Designer Insider Tips From Tracie Butler
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Size Matters1 of 11
By Emili Vesilind
When it comes to decorating smaller spaces, it's important to think big. Which is why we asked interior designer Tracie Butler — the decor mastermind behind some of Hollywood's hottest homes, clubs and restaurants — to spill her secrets on how to make any room feel roomier.
Let There Be Light2 of 11
Rather than take up space with floor and table lamps, look for "lights that hang from the ceiling," says Butler, who's currently "loving anything vintage from the '40s through the '60s that has a transparency to it. Think pale Murano glass and light-diffusing acrylic fixtures." Butler's motto: "Never cut corners on fabric and lighting."
Object Lesson3 of 11
Disorder doesn't help the space, but if decorative objects are put together in clever, unexpected ways, then they can add a certain vastness to small rooms. Butler likes mixing "bigger things with smaller things — and things you don't feel are necessarily appropriate together." After all, "it always looks good to have a mistake in the room."
Walled Up4 of 11
Butler lightens up the walls, as well, to add the illusion of more space. Super-pale gray and butter cream are currently her favorite hues. For ceilings, "I add 50 percent white to the paint color I used on the walls, so you have color continuity with the walls, but it opens up the space even more," she says.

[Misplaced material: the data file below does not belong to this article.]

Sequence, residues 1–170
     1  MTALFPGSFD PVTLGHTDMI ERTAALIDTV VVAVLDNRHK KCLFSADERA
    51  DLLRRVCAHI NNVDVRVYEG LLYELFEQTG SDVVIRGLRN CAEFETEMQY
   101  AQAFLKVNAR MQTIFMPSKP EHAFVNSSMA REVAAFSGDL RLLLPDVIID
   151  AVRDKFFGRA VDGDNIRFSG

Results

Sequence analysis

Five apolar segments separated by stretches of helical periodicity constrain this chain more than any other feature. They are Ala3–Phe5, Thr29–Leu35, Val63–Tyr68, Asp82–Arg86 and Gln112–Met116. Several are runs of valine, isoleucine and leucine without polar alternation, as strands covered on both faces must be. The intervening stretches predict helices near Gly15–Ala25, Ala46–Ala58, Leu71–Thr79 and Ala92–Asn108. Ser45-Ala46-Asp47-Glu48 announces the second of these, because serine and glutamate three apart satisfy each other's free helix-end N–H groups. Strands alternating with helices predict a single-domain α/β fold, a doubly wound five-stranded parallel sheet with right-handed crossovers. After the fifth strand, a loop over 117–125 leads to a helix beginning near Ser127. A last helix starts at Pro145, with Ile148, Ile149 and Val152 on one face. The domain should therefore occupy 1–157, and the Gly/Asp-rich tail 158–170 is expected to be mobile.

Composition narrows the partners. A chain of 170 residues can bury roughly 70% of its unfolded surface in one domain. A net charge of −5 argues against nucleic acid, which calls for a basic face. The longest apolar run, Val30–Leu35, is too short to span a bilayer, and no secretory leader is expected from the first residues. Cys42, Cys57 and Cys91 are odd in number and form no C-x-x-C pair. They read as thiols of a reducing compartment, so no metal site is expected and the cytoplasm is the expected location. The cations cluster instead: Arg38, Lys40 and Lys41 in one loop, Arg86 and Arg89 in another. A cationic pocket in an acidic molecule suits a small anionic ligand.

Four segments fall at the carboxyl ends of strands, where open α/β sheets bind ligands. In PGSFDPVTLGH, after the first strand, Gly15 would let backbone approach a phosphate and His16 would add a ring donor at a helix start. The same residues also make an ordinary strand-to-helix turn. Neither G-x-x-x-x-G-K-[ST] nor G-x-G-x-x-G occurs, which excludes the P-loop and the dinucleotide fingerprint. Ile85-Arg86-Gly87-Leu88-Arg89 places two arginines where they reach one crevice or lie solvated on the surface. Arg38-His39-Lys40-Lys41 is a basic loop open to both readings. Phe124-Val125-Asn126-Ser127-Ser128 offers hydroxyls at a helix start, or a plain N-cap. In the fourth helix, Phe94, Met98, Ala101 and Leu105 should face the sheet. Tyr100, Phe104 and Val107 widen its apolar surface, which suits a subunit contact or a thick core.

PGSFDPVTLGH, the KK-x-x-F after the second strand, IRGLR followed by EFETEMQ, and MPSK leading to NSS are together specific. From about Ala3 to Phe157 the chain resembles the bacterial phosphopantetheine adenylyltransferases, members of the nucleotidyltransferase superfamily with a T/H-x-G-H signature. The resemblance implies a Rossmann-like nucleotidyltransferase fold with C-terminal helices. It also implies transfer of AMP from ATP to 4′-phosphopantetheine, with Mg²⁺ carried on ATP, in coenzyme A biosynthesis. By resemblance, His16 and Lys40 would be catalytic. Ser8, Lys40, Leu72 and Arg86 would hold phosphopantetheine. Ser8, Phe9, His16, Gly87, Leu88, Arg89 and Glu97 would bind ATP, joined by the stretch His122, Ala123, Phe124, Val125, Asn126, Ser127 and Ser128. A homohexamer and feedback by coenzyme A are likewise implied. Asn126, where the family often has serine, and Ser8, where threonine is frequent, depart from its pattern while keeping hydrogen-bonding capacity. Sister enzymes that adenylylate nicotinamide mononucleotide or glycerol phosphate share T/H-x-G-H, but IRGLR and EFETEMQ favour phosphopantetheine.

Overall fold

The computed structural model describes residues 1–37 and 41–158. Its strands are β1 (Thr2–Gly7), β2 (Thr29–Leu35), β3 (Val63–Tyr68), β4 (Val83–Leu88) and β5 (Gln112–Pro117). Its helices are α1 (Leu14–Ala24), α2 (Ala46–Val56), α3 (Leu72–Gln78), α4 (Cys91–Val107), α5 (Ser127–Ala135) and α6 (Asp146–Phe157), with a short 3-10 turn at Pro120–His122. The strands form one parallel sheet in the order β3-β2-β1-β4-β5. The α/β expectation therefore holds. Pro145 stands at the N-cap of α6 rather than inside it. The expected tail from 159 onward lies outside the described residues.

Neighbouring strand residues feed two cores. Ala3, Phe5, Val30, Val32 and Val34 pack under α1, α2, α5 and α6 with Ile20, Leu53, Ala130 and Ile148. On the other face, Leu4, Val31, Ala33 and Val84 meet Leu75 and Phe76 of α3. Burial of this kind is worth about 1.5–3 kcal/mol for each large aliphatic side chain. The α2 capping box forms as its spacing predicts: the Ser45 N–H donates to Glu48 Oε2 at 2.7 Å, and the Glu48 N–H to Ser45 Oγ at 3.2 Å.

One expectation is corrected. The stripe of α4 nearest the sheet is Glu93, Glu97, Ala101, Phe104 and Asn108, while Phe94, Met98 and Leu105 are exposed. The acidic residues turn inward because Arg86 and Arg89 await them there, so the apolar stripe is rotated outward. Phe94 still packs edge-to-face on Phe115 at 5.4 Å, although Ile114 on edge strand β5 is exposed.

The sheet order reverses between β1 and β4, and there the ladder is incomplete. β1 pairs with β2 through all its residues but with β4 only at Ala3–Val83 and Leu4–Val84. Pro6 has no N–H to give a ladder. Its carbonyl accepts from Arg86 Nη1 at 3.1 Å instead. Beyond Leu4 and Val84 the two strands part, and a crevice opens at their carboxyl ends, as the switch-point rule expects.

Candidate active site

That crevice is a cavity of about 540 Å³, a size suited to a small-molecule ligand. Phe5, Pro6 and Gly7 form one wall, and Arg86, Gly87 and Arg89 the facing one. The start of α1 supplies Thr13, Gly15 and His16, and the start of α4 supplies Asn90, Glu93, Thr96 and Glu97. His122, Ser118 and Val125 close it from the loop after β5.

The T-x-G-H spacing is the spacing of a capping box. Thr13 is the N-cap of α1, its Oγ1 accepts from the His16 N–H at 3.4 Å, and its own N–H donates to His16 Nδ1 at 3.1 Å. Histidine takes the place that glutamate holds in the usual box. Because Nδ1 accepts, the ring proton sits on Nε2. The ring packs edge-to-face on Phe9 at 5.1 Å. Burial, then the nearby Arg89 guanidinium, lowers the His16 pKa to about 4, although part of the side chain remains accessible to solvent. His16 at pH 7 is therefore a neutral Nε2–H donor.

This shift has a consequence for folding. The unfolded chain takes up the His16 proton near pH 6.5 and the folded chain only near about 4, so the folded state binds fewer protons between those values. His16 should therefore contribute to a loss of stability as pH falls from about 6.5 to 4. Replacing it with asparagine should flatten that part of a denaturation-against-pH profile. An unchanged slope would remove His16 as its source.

In Treatments5 of 11
Heavy, weighty or patterned window treatments "are a big no-no in small spaces," says Butler. Instead, opt for light-colored linen drapes without a lining. "Even if I'm doing a guy's room, I'll keep drapes sheer. I always want to have light coming through the fabric."
ON GLO: Extreme Hotel Bathrooms
Color Cue6 of 11
"The first thing I do is lighten the floors," says Butler. "It makes everything feel so much airier." Try natural hardwood, stone and carpeting, or even a cream-colored area rug.
Mirror, Mirror7 of 11
Take a cue from '70s-era interior design and load your space with mirrors, says Butler, who "always tries to do a mirror that's facing a view or a pool." The reflection will make the room look bigger and brings in the maximum sunlight. And "don't be afraid to put a larger mirror in a small space—it adds drama."
Low Profile8 of 11
Butler notes that a common mistake in small rooms is adding a jazzy, high-pile rug, such as a shag, that "tends to close the space." Instead, "go for a low-pile rug, like a jute or a nice weave." Butler loves brightly colored woven carpets and ombre-dyed rugs that move from light to dark in hue.
Face Forward9 of 11
"In any room, you always need to allow for foot traffic," says Butler. "And in smaller spaces, flow is really important. The back of furniture shouldn’t face the entrance of a room. In a big room, that can work, but it will only make a smaller room look tiny. Having furniture face the door creates impact."
Open Season10 of 11
The scale of furniture in any room can make or break how spacious it looks, says Butler, who picks smaller, more delicate pieces for itty-bitty rooms. Think Lucite tables, ottomans with skinny legs (as opposed to stout, floor-grazing versions) and chairs and sofas with openings in the backs or arm rests.
Screen Time11 of 11
TVs can suck the space (and style) out of any room—even flat screens, if they're placed in a too-central spot. "The TV shouldn't feel like the main thing in the room," says Butler. "I'm still a believer in hiding it in an armoire or bookcase."